That the word " thirtieth " is old, appears from the fact that a scribe has added a gloss (vv.
Each took a copy and one was held by the scribe to be stored in the archives.
The story of this scribe (now combined with the memoirs of Nehemiah) crystallizes the new movement inaugurated after a return of exiles from Babylonia.
It is related that Ezra, the scribe and priest, returned to Jerusalem with priests and Levites, lay exiles, and a store of vessels for the Temple.
Since the book of Baruch (named after Jeremiah's scribe) is now recognized to be considerably later (probably after the destruction of Jerusalem A.D.
For the scribe, as for the man at the plough-tail, the Law was the rule of life.
The scribe could train the individual in morals and in manners; but the high priest was the ruler of the nation.
After saying how Map translated the romance from the Latin at the bidding of King Henry, the usual statement, the scribe adds "qui riche loier l'en donor."
The writer was known, and it was in this connexion that Napoleon referred to him as "a wretched scribe named Gentz, one of those men without honour who sell themselves for money."
To have done so would have been impossible, in spite of his brilliant gifts, had he been no more than the "wretched scribe" sneered at by Napoleon.
Is the only Jewish scribe whose name is mentioned in the New Testament he became a subject of Christian legend, and a monk of the 12th century (Hermann the Premonstratensian) relates how he met Jews in Worms studying Gamaliel's commentary on the Old Testament, thereby most probably meaning the Talmud.
Ezra, a scribe of repute, well versed in the laws of Moses, returns with a band of exiles in order to reorganize the religious community.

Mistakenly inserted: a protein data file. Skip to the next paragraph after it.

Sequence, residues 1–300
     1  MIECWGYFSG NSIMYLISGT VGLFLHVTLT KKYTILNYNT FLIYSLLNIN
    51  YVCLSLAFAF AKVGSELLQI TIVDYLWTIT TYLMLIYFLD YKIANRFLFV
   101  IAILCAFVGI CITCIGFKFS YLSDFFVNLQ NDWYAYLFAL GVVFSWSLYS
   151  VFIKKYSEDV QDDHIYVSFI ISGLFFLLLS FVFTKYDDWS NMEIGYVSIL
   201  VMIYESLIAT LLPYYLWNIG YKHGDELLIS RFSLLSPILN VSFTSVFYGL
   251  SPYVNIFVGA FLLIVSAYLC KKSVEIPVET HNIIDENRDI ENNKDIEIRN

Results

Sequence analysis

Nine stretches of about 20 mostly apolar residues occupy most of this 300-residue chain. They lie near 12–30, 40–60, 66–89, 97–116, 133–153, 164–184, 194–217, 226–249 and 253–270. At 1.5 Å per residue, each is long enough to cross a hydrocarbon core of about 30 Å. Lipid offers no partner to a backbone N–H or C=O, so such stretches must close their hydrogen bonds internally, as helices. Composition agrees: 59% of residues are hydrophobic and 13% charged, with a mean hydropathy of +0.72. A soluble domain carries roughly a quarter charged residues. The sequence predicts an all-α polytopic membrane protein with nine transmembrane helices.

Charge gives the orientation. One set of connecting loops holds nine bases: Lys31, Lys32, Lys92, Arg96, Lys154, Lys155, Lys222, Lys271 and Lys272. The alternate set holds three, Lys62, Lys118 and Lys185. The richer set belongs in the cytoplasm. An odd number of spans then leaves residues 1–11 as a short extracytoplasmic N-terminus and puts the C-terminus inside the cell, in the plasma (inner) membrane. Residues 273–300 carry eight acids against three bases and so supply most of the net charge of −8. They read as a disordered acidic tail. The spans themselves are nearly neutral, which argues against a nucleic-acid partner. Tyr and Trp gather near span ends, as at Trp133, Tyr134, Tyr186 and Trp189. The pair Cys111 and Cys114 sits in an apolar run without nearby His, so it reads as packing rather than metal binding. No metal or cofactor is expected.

It was written by three scribes of whom the writer of the New Testament was identified by Tischendorf as the scribe D of x (cod.
The text was written, according to Tischendorf, by four scribes, of whom he identified one as also the scribe of cod.
It was corrected many times, especially in the 6th century, by a scribe known as a and in the 7th by x°.
The corrections of s e are important, as they are based (according to a note by that scribe, at the end of Esther) on an early copy which had been corrected by, Pamphilus, the disciple of Origen, friend of Eusebius and founder of a library at Caesarea.
4).] If Tischendorf was right in identifying the scribe of B with that of part of x, it is obvious that these MSS.
Obviously, the archetype placed Hebrews between Galatians and Ephesians, but the scribe altered the order and put it between 2 Thess.
Such alterations may be due to the writer or writers of the MS., called the scribe or scribes, or to some other person or persons (for there may be several) called correctors.
As a source for the text it is superseded by the printed edition, and if there is more than one, then by the latest printed edition, which has been revised in proof by the author, or, in certain cases, by his representative; and the task of the textual critic is restricted to the detection of "misprints," in other words, of errors which the compositor (the modern analogue to the scribe) has made in "setting up" the manuscript, and which have escaped the notice of the proof-reader and the author or his representative.